National Signing Day: WVU class part of new-look defense
MORGANTOWN, W.Va. -- National Signing Day is dedicated to numbers in football, and numbers defined Wednesday at West Virginia.
The focus wasn't the size of the recruiting class, the number of players from Florida, who ran the fastest 40-yard dash and who had the most yards receiving, but rather the alignment of the new defense.
WVU Coach Dana Holgorsen officially declared what had long been suspected. The 3-3-5 odd stack is no more, and the Mountaineers will use a blend of the 3-4 and the 4-3 beginning next year.
The 26-player recruiting class, which includes five players who enrolled last month and 21 who signed Wednesday, features 12 defensive players who will have a chance to grow into the new look.
"We wanted some more edge rush guys playing because we're going to more of a 3-4 scheme than the stack," Holgorsen said. "The stack uses more middle linebacker-type bodies, which we have on campus.
"We needed to be able to get some outside linebacker guys who'll be able to gain weight and come down and be defensive ends and guys who can come off the line and rush. We got two or three bodies we were looking for as far as being outside guys."
He mentioned Korey Harris, a 6-foot-4, 230-pound defensive end from St. Augustine, Fla., as a pass rusher, and linebacker Garrett Hope (6-3, 225, The Woodlands, Texas), defensive lineman Noble Nwachukwu (6-2, 240, Wylie, Texas) and safety Sean Walters (6-2, 195, Hallandale Beach, Fla.) as future outside linebackers.
The 2012 class has two other defensive linemen, and 6-1, 280-pound Imarjaye Albury and 6-3, 290-pound Christian Brown already have enrolled. The only other linebacker is 6-2, 215-pound Sam Lebbie, a middle player from DeMatha Catholic High, in Washington D.C.
Holgorsen hired Joe DeForest from Oklahoma State last month to be at least the WVU co-coordinator on defense, and DeForest said he met with all the defensive players before signing day.
He was impressed right away. The first player he visited was K.J. Dillon, a 6-2, 180-pound safety from Apopka, Fla.
"I went to his door and I said, 'Wow, I hope that's you. Please, be K.J.,' " DeForest said. "It was, thank God."
DeForest said he explained to Dillon and the other nine who weren't already enrolled just what his philosophy is for the defense, and for the positions and what role the players would fill.
"I think we recruited long, lean, skilled kids who can run," DeForest said. "Wherever they fit, whether it's corner, safety, outside linebacker, receiver-to-corner, corner-to-receiver, it doesn't matter. They all fit and we're going to figure out where once we get what I call the inventory of the team."
WVU signed one quarterback. Ford Childress, from Houston, already is enrolled. Holgorsen said running backs Roshard Burney (5-10, 205, Lake Park, Fla.) and Torry Clayton (5-9, 195, Florida City, Fla.) should both compete right away.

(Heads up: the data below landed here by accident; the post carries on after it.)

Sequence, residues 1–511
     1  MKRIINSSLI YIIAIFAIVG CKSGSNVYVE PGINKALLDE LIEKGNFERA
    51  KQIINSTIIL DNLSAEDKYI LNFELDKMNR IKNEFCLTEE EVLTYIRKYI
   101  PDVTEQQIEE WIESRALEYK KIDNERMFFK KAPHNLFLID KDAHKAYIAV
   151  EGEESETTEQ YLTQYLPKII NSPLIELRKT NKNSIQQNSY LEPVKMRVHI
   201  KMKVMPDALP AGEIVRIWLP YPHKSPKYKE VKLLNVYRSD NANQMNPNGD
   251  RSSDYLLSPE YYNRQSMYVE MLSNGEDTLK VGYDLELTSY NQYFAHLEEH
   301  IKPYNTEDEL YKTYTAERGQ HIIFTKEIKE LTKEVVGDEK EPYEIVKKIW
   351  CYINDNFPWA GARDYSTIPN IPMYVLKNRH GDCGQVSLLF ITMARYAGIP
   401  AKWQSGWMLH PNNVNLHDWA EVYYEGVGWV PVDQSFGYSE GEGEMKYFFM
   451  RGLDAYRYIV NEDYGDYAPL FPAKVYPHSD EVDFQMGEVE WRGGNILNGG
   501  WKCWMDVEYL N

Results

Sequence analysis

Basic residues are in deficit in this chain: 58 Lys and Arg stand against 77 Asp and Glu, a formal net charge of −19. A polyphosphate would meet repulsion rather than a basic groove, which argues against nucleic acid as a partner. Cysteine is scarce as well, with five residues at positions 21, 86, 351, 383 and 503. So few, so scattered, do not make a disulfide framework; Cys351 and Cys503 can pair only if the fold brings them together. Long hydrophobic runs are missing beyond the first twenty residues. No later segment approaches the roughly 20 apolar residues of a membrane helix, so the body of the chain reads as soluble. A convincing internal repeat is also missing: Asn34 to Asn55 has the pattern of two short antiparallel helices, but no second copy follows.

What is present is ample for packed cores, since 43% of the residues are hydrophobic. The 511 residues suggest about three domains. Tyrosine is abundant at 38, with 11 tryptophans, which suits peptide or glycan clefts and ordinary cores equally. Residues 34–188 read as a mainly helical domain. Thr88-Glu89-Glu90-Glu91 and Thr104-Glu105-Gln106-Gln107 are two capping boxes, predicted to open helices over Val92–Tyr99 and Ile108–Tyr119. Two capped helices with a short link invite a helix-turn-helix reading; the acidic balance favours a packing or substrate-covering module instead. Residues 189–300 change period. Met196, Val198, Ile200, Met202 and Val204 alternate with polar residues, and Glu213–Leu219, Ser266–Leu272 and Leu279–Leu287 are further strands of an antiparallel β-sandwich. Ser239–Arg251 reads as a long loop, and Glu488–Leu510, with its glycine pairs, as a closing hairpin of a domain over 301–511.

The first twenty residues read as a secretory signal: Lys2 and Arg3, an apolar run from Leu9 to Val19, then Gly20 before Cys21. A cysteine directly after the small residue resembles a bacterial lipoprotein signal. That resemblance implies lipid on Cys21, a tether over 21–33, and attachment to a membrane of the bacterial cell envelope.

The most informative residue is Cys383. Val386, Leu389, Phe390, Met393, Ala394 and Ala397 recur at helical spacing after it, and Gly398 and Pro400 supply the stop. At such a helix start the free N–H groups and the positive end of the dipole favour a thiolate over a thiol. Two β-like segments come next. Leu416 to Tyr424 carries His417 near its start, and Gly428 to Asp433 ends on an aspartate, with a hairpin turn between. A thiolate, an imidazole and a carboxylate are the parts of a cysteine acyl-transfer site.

They complement rising sophomores Andrew Buie and Dustin Garrison, who are lighter, quicker backs.
"The more guys who can carry the ball the better," Holgorsen said.
"These two guys will be give us some strength in the backfield. And as we saw last year, when we started camp with five guys and were down to two for the bowl game, there's wear and tear at that position. You need a lot of bodies."
WVU loaded up elsewhere on offense and signed four offensive linemen, which was the goal. Included is junior college transfer Mark Glowinski. The 6-5, 290-pound Glowinski started the last two years at Lackawanna College (Scranton, Pa.). Holgorsen said Golwinski will compete right away for the starting left tackle spot left open by Don Barclay's graduation.
The Mountaineers signed seven receivers, and four or five will play inside, including 6-1 Deontay McManus, from Baltimore's Dunbar High, where Tavon Austin went to school.
McManus is arguably the highest-rated recruit in the class and could play inside or outside, but will get a long look inside because of his skill and because of the team's need.
"We lost every inside receiver but Tavon, and he's probably going to get a little bit of attention this year," inside receivers coach Shannon Dawson said. "What we sold these kids was who ever gets to come in and play opposite of Tavon is probably going to catch a lot of balls."
That's a certainty with WVU's offense and what Holgorsen has proven through the years. There is less known about WVU's new defense.
DeForest is working with remaining safeties coach Steve Dunlap and whoever else on the staff can give DeForest the background on returning players.
He said he'll have to learn his personnel through winter conditioning and then spring practice before things can take form. Whether that form is a 3-4 or a 4-3 will vary because DeForest plans to be neither one or the other.
"Multiple," he said. "You won't be able to tell at times if we're 3-4 or 4-3. I will, we will, because the looks, a lot of times, will be exactly the same."
DeForest spent the previous 11 years as a defensive assistant at Oklahoma State and got to know the Big 12 Conference quite well. He said the defenses vary there, too, but the offenses are mostly the same.
With only a few exceptions, everyone runs a spread offense, which he said means the defense has to be able to disguise and adapt.
Situations may dictate using a 4-3 instead of a 3-4, and vice versa, but DeForest said there is no difference.
"There's none at all," he said. "It's a slight front look. It's still multiple, but 4-3 and 3-4 is based on the personnel you have on the field and what they can do.
"It gives you flexibility and gives you multiple looks. You better have more athletes on the field and you better have more speed to cover the offense we run here at West Virginia, because it's all over the Big 12."
Contact sportswriter Mike Casazza at firstname.lastname@example.org or 304-319-1142. His blog is at blogs.dailymail.com/wvu.